What's All This Then?
What's All This Then?
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Sound Opinion's Jim DeRogatis and The Daily Show's Ben Karlin
review literary experiences at Field-Tested Books.
Today's featured photographer is Brian Rose. Tackling massive thematic series with a view camera, Brian's pictures are individually stunning for their simplicity, detail and composition, but it's when you view them in groups, dedicated to single subject and/or idea that you appreciate the ambition behind the projects. Selections from his series Lost Border: the Landscape of the Iron Curtain are featured today and have just been published in book form by The Princeton Architectural Press.
"I began working in color with a 4x5 view camera in 1980 photographing the streets and architecture of the Lower East Side of Manhattan. It was big step for me, having previously used only a 35mm camera. I had always been adamant about staying with the small format, but the idea of an ambitious and unified project appealed to me. Suddenly, the view camera seemed a requirement for the kind of descriptive photographs I envisaged taking."
"Since then I have continued to use a view camera, and I have also continued to work within somewhat tightly conceived projects. I've often thought that without such a structure, I could photograph anything and everything around me. But I don't do that, and rarely carry a camera unless I am working."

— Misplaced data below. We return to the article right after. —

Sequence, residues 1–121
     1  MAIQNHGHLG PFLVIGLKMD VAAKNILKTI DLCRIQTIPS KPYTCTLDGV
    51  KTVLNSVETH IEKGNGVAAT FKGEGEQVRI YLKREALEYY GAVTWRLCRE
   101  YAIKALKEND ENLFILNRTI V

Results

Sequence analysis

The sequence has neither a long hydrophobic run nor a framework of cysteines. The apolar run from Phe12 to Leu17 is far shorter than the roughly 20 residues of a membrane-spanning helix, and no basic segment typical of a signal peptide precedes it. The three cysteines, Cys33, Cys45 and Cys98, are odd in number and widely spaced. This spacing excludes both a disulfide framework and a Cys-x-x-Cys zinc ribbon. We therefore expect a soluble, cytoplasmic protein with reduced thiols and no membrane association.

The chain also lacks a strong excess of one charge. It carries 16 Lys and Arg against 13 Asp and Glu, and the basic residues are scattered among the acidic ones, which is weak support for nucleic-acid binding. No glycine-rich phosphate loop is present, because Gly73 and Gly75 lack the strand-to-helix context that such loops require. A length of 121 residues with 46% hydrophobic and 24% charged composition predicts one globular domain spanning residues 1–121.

"Although I've done quite a number of projects, the Lost Border has been the biggest and most important. The book is now out, and it spans 19 years of history--from a time when the border appeared a permanent fixture of the political landscape to the opening of the Berlin Wall to the rebuilding of Berlin. The most recent pictures were made in February 2004."
"As a student I got into photography because I saw taking pictures as way of engaging in social and political issues. I've come a long ways away from the notion of that engagement being a direct one. I certainly don't consider myself a photo-journalist. But I do believe strongly in the idea of stepping back and looking--repeatedly--at places and things. That's what I try to do as a photographer, and out of that, patterns emerge, the texture and architecture of the world becomes more apparent, and hopefully, one sees something essential in what is built or left behind on the landscape."
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